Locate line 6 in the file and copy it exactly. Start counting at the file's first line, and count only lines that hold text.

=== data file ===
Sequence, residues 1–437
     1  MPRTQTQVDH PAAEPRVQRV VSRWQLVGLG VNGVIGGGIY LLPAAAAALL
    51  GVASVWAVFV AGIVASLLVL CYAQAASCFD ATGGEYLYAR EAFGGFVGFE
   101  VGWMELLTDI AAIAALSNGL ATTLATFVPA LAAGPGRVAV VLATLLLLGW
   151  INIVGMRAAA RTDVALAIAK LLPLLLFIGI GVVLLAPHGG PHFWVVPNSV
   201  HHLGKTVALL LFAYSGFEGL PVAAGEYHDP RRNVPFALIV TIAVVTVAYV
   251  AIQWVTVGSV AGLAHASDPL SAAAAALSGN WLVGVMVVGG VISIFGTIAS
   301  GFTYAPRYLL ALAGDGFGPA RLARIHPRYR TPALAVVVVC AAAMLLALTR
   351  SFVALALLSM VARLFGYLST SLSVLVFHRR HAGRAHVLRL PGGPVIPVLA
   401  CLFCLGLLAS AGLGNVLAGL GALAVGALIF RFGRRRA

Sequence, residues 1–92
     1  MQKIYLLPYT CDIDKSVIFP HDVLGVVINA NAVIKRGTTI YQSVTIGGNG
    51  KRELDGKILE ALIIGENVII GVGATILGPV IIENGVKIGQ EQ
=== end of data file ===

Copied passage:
   201  HHLGKTVALL LFAYSGFEGL PVAAGEYHDP RRNVPFALIV TIAVVTVAYV